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Alcohol calorie labelling in Obesity Strategy

27 July 2020 – Labelling alcoholic beverages with calorie information is potentially among ‘a raft of measures’ the UK Government is set to include as part of a new Obesity Strategy to get the nation fit and healthy, according to the Department of Health and Social Care.

The new campaign comes after a ‘COVID-19 wake-up call’ in which the impact of the virus revealed how excess weight puts people who contracted it at greater risk of serious illness or death.

The strategy’s plan to mandate the display of ‘liquid calories’ on alcoholic drinks will be put to a new consultation before the end of the year.

Alcohol consumption has been estimated to account for nearly 10% of the calorie intake of those who drink, with around 3.4 million adults consuming an additional days’ worth of calories each week – totalling an additional two months of food each year. But research shows the majority of the public (80%) is unaware of the calorie content of common drinks and many typically underestimate the true content. It is hoped alcohol labelling could lead to a reduction in consumption, improving people’s health and reducing their waistline.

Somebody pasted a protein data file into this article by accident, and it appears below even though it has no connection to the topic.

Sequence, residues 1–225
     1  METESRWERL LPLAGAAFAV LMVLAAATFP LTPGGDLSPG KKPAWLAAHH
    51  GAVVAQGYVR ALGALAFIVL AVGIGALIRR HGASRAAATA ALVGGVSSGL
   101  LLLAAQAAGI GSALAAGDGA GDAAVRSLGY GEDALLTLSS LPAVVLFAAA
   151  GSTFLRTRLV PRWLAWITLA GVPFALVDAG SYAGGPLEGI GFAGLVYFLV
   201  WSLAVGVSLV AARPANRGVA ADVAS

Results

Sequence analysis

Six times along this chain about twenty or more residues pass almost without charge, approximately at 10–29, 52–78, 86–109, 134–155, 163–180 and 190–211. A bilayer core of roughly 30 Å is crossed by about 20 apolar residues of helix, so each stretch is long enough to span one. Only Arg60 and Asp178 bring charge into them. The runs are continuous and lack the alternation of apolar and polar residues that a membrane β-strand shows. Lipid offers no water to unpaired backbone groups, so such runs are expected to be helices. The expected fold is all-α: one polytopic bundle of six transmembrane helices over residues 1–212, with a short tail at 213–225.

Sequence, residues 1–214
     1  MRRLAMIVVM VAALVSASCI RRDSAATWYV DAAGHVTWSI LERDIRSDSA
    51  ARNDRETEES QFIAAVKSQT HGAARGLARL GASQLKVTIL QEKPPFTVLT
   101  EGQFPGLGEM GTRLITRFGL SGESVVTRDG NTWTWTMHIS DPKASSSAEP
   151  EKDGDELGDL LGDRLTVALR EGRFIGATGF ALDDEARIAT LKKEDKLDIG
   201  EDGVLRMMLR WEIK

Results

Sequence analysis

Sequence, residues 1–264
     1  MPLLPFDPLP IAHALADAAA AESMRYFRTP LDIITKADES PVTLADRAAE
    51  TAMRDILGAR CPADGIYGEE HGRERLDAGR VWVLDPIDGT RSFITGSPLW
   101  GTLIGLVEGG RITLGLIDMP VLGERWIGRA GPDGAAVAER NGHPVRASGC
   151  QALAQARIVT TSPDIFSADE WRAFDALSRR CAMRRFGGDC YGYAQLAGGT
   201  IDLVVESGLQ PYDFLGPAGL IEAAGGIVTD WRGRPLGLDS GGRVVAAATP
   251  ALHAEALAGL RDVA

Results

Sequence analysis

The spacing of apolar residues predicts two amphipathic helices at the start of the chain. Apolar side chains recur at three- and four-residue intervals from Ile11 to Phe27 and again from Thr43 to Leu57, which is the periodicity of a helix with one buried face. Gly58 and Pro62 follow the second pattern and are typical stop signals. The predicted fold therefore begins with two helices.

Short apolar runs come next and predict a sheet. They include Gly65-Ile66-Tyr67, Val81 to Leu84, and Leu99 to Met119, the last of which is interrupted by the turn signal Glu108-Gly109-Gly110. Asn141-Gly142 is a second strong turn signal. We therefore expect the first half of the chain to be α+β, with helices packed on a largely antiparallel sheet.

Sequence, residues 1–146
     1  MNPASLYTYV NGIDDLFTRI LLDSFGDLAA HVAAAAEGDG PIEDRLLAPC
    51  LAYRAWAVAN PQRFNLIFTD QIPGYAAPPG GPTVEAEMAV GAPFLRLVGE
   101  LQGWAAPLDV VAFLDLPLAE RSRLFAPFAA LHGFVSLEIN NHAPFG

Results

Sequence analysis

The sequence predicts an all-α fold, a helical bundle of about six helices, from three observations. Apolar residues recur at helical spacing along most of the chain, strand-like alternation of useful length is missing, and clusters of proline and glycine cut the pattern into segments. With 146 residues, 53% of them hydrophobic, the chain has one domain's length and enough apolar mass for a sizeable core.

Following the government’s announcement, Professor Sir Ian Gilmore, chair of the Alcohol Health Alliance UK said:

'The government’s plans to consult on ending the current exemption for alcohol products from calorie labelling requirements are very welcome. When the calorie equivalent of a large glass of white wine is the same as a slice of pizza or a cocktail is the equivalent of a cheeseburger, it is clear why alcohol products should be included in the government’s plans to tackle the obesity crisis.
'Alcohol is a factor in more than 200 health conditions and is the leading risk factor of death among 15-49 year olds in England. Labelling on all alcohol products with prominent health warnings, low risk drinking guidelines, information on ingredients, nutrition and calories would help equip the public with the knowledge they need to make healthier decisions about what and how much they drink. If we want to build a healthier, more resilient society we need to wake up to the harm alcohol does to people’s health.'